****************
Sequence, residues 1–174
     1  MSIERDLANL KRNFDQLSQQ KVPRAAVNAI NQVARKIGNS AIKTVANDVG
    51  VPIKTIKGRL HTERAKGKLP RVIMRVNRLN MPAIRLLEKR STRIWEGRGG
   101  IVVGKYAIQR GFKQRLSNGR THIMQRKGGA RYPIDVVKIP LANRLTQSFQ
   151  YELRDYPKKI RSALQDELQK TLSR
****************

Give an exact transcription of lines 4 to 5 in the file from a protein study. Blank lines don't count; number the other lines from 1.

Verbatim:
   101  IVVGKYAIQR GFKQRLSNGR THIMQRKGGA RYPIDVVKIP LANRLTQSFQ
   151  YELRDYPKKI RSALQDELQK TLSR